|| Print ||
|Archives - July 2009|
|Tuesday, June 23, 2009|
In this year’s legislative session, efforts by the Oregon Farm Bureau and other supporters failed to result in legislation to protect the best soil from mining. In Oregon, aggregate mining of Class 1 and Class 2 soil is only permitted in the Willamette Valley. The Oregon Farm Bureau views this as nothing less than the destruction of the state’s most valuable asset.
“We’re not going to give up; the issue is real and it has to be addressed at some point in time,” says Bruce Chapin, farmer and Farm Bureau board member.
According to a 2004 report by the Oregon Department of Agriculture (ODA), “Farmland is under constant pressure for development to other uses . . . Oregon’s current land planning system does not properly account for the value of these perpetual benefits that agriculture has to offer.” The benefits include food security, renewable energy potential and wildlife habitat.
ODA is not completely opposed to mining Class 1 or 2 soil, if companies prove there are no reasonable alternatives.
Post-mining reclamation is required, but reclaiming it back to farmland is not. Sites are reclaimed for a variety of uses, including farmland, fish habitat, forestry and recreation.
According to Gary Lynch of the Oregon Department of Geology and Mineral Industries, clear, current data is needed on the issue. They plan to start a new data-gathering project soon.
Rich Angstrom, president of the Oregon Concrete and Aggregate Producers Association, stresses aggregate’s necessary role in construction projects, but admits mining companies are usually the second cousin no one wants over for dinner.
“If you move the industry off of prime soils into the hills,” Angstrom says, “there’s a whole other series of people who don’t want
aggregate in their back yard.”
Thursday, June 11, 2015
In 2014, total revenue for camping and day use in Oregon State Parks was a little more than $17 million. That figure may even higher this year "because we've had exceptionally nice weather," Hughes says.
Thursday, June 18, 2015
While most categories of commercial real estate have performed well, one of the most robust has been apartment buildings.
Thursday, June 25, 2015
An international architecture firm known for its design of the National September 11 Memorial Museum Pavilion in New York unveiled its plan this week for a modern indoor/outdoor food market at the foot of the Morrison Bridge in downtown Portland.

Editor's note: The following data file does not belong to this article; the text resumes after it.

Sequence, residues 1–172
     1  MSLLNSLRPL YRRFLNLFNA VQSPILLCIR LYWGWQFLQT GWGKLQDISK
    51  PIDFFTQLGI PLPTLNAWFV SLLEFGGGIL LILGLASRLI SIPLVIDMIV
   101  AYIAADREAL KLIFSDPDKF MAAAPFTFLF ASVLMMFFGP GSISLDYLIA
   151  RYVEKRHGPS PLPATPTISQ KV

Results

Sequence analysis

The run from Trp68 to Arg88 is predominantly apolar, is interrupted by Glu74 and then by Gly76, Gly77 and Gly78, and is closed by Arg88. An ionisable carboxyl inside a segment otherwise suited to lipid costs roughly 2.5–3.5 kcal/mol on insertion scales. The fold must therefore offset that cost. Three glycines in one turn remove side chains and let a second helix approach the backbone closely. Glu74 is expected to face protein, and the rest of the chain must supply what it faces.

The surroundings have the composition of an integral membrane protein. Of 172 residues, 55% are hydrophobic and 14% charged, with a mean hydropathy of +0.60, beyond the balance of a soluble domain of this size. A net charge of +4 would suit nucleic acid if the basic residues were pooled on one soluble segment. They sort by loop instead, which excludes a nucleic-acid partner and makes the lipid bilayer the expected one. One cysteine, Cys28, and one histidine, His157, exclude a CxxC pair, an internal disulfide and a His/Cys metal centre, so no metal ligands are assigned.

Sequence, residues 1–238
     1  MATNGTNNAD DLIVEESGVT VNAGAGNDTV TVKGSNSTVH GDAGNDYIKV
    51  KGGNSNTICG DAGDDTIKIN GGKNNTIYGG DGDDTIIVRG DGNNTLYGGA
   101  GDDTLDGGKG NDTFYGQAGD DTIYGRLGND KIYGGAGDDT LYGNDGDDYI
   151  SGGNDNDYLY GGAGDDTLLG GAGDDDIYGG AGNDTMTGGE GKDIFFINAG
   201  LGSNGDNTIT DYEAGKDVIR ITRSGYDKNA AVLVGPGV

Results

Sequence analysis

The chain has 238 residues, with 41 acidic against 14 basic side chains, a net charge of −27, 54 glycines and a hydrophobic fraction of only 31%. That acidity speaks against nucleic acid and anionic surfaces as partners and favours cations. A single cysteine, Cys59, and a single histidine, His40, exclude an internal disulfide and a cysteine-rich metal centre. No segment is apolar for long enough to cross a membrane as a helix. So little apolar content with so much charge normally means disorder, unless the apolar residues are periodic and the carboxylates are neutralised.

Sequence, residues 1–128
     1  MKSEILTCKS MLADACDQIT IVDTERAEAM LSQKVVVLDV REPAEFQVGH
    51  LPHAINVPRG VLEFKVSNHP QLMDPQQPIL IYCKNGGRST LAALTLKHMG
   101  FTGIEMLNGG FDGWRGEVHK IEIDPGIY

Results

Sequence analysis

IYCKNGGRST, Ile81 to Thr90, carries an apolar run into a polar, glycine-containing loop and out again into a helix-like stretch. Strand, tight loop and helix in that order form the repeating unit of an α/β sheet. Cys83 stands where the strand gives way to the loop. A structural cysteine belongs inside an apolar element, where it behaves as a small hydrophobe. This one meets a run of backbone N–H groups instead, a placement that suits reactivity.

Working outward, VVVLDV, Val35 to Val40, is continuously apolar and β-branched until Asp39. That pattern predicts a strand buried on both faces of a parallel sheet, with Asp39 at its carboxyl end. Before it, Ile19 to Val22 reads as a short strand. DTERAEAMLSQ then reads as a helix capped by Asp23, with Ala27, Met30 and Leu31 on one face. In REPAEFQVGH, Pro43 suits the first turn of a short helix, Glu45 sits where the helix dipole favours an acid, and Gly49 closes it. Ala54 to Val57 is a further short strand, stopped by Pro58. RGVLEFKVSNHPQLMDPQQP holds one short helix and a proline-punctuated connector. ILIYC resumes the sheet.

Friday, May 22, 2015
BY LINDA BAKER | PHOTOS BY JASON E. KAPLAN
As the recession recedes and tourism grows, Central Oregon resorts redefine themselves for a new generation.
Tuesday, May 26, 2015
BY LINDA BAKER
Spring rains are the bane of an Oregon cherry farmer’s existence. Even a few sprinkles can crack the fruit so badly it’s not worth picking. Science to the rescue: Researchers at Oregon State University have developed a spray-on film that cuts rain-related cracking in half, potentially saving a season’s crop. The coating, patented as SureSeal, is made from natural chemicals similar to those found in the skins of cherries: cellulose, palm oil-based wax and calcium.
Wednesday, June 10, 2015
Jeff Lang and his wife Rae used to dole out campaign checks like candy. “We were like alcoholics,” Lang says. ”We couldn’t just give a little.”
Wednesday, June 03, 2015
As part of our green workplaces story, Oregon Business checked out a community service project undertaken by Portland Youth Builders, a nonprofit alternative high school. In partnership with Whole Foods, PYB built garden boxes for a Home Forward housing site. Home Forward is a government agency that provides housing for low income residents and people with disabilities.
|100 Best Green Workplaces in Oregon|
|The Green Paradox|
|Up in the Air|
|Credit Unions Perspective|
|Queen of Resilience|
|Did airlines collude to keep fares high?|
|Citigroup analyst thinks Puma should sell|
|OSU researchers examine warm-water mass|
|Appeals court rules against Apple|
|Microsoft to cut division, 1,200 jobs|
|Apple suppliers introduce 'Force Touch' to new iPhone|
|Uncertainty abound in Greece|
Tonkon Torp helps seed sustainability at Gunderson.
Oregon-based Environments helps companies create inspired workspaces. “Simply put, we help companies future-proof their workspaces,” says Chris Corrado, president. Since 1988,Environments has witnessed firsthand the changing landscape of business. Native Portlander and Environments founder Corrado says, “We help our clients navigate the complex realities of the workplace today and plan for their future in a very mindful, strategic way. We think of ourselves as their partners in the process.”
One hundred years ago, the Willamette River might easily have been mistaken for a sewer. Unchecked industrial activity and decades of pollution made it unrecognizable compared to the clean river that now flows north for 187 miles from Eugene through the center of Portland.
3 Degrees Event Celebrates 5th Year Bringing Nonprofit and Business Professionals Together to Benefit Portland.
Bend energy leader brings passion for efficiency and renewable energy to the nonprofit.
Event in Forest Grove marks recognition of Global Food Safety Initiative Certification.